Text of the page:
For DP2 inhibition experiments, granulocytes (80 µl) and fevipiprant (10 µl, final conc. 0.01 nM, 0.05 nM, 0.1 nM, 1 nM, 5 nM, 10 nM, 100 nM, 500 nM, 1 µM, 10 µM) were incubated in a water bath (5 min, 37 °C). Metabolite solution (10 µl, EC70 concentration) was added for 5 min (37 °C). The reaction was stopped and cells were analyzed as described above.
Type 2 innate lymphoid cell isolation
Blood was stored at RT until processing. Whole blood (500 ml) was diluted 1:2 in DPBS. PBMCs were isolated using Ficoll-Paque® and SepMate-50 PBMC Isolation tubes (STEMCELL Technologies, Grenoble, France) following manufacturer’s protocol. PBMCs were pooled, washed with 50 ml DPBS and centrifuged (5 min, 300×g, 4 °C). T cells, B cells and monocytes depletion enriched ILC2s using CD3, CD14 and CD19 MACS separation beads (Miltenyi Biotech, Bergisch Gladbach, Germany) and LD columns following manufacturer’s protocol. Enriched cells were centrifuged (5 min, 300×g, 4 °C) and resuspended in staining buffer containing 5% fetal bovine serum (FBS) and 2 mM ethylenediaminetetraacetic acid (EDTA) in DPBS. Cells were stained for 15 min at RT with a PerCP-Cy5.5-labeled lineage cocktail (CD4, CD8, CD14, CD16, CD19, CD34, CD123, FcεRI), CD11b-FITC, CD56-FITC, CD3-BV510, CD127-BV421, CD45-Alexa Fluor 700 and CD294-PE. View supplement for more detailed information. CD45+, Lineage-, CD11b-, CD56-, CD3-, CD127+, CD294+ cells were sorted with an FACS ARIA Fusion (BD Bioscience) into 96 U bottom well plates (Corning, Amsterdam, Netherlands).
Type 2 innate lymphoid cell culture
Sorted ILC2s (100 cells/well) were expanded with human feeder PBMCs (100,000/well; 37 °C, 5% CO2) for three to five weeks. Culture medium contained RPMI 1640 Glutamax medium (Life Technologies, Darmstadt, Germany), 1% Pen/Strep (Life Technologies, Darmstadt, Germany), 10% h.i. human AB serum (Sigma-Aldrich, Taufkirchen, Germany), and 25 mM 4-(2-hydroxyethyl)-1-piperazineethanesulfonic acid (HEPES, Lonza, Wakersville, USA). The medium was supplemented with 100 U/ml rh-IL-2 (Life Technologies, Darmstadt, Germany), 25 ng/ml rh-IL-4 (Miltenyi Biotech, Bergisch Gladbach, Germany), 5 µg/ml phytohemagglutinin-M (PHA-M; Sigma-Aldrich, Taufkirchen, Germany).
Cell migration assay
Migration was assessed using 5.0 µm pore size, polycarbonate membrane, polystyrene 96-transwell plates (Corning, Amsterdam, Netherlands; Hölzel, Köln, Germany) following manufacturer’s protocols. Metabolites (lower well, final conc. 5 nM, 10 nM, 50 nM, 100 nM, 500 nM, 1 µM, 2 µM, 3 µM and 5 µM) and cells (upper well, ≤ 100,000/well) were incubated for 6 h (37 °C, 5% CO2) in culture medium without IL-2, IL-4 and PHA. Migrated cells (25 µl) were incubated with CellTiter-Glo® Luminescence Cell Viability Assay (Promega, Mannheim, Germany) following manufacturer’s protocol. Luminescence was measured using a Tecan infinite F200 pro.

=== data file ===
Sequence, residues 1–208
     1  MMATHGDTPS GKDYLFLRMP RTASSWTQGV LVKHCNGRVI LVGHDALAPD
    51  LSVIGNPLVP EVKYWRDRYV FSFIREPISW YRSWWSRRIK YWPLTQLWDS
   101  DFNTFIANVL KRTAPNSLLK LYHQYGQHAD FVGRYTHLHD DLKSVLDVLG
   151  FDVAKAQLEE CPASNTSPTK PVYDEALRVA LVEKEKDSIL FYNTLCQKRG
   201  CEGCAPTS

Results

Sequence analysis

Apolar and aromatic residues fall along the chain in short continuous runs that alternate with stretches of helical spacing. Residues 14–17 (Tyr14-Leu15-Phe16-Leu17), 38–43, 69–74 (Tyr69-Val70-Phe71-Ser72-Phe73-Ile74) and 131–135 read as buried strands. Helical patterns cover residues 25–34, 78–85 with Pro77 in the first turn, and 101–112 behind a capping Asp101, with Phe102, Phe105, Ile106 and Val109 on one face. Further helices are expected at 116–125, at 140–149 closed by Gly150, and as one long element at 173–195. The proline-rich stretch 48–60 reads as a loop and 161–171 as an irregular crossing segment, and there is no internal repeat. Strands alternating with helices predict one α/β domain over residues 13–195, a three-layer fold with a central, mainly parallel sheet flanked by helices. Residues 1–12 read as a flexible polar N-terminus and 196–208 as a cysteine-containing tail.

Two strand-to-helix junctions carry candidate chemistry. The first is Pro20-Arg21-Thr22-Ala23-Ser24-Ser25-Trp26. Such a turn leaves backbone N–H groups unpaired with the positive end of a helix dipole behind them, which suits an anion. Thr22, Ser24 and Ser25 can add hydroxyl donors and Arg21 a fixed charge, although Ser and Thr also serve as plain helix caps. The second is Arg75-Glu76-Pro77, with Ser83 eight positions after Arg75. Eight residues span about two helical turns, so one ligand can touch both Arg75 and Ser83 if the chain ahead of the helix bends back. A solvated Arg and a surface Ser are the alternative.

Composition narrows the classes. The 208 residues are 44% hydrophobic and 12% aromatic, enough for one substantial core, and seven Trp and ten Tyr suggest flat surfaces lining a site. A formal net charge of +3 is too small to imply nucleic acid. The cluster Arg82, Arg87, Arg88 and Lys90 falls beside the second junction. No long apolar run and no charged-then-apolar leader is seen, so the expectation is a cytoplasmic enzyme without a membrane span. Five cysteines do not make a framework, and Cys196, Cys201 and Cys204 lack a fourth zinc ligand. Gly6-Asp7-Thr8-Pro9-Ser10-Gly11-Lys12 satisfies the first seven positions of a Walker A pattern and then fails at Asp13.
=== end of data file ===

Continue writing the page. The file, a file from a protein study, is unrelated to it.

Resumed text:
For DP2 inhibition experiments, ILC2s were incubated with fevipiprant (final conc. 0.01 nM, 0.1 nM, 0.5 nM, 1 nM, 5 nM, 10 nM, 100 nM, 1 µM, 10 µM, for 1 h, 37 °C, 5% CO2) in culture medium without IL-2, IL-4 and PHA and cell migration was measured as described above using the EC70 concentration of respective metabolites.
Cells (≤ 150,000/well) and metabolite solutions (final conc. 2.5 nM, 5 nM, 25 nM, 50 nM, 250 nM, 500 nM, 1 µM, 1.5 µM, 2.5 µM) were incubated for 24 h in culture medium without IL-2, IL-4 and PHA (U-bottom 96-well plates, 37 °C, 5% CO2). After centrifugation (5 min, 300×g, RT), the supernatant was collected and stored at − 80 °C until measurement.
For DP2 inhibition experiments, ILC2s were incubated with fevipiprant (final conc. 0.01 nM, 0.1 nM, 0.5 nM, 1 nM, 5 nM, 10 nM, 50 nM, 100 nM, 1 µM) for 1 h (37 °C, 5% CO2) and afterwards with the EC70 concentration of respective metabolites for 24 h. Cells were incubated as described above.
Supernatants were diluted 1:10 and IL-5 and IL-13 concentrations were measured by MSD immunoassays (V-PLEX Meso Dale Discovery, Rockville, MD, USA) following manufacturer’s protocol. Raw values are depicted in Additional file 1: Figs. S2 and S3.
GraphPad Prism 9.0.1 was used for analysis. Four parameter non-linear agonist or inhibitor regression models were used fit curves and to calculate EC50/IC50 values, respectively. Fitting curves constraints are indicated in respective figure legends.
Maximal PGD2-induced responses were compared with respective maximal responses of metabolites using paired One-Way ANOVA with post-hoc Dunn’s multiple comparisons tests.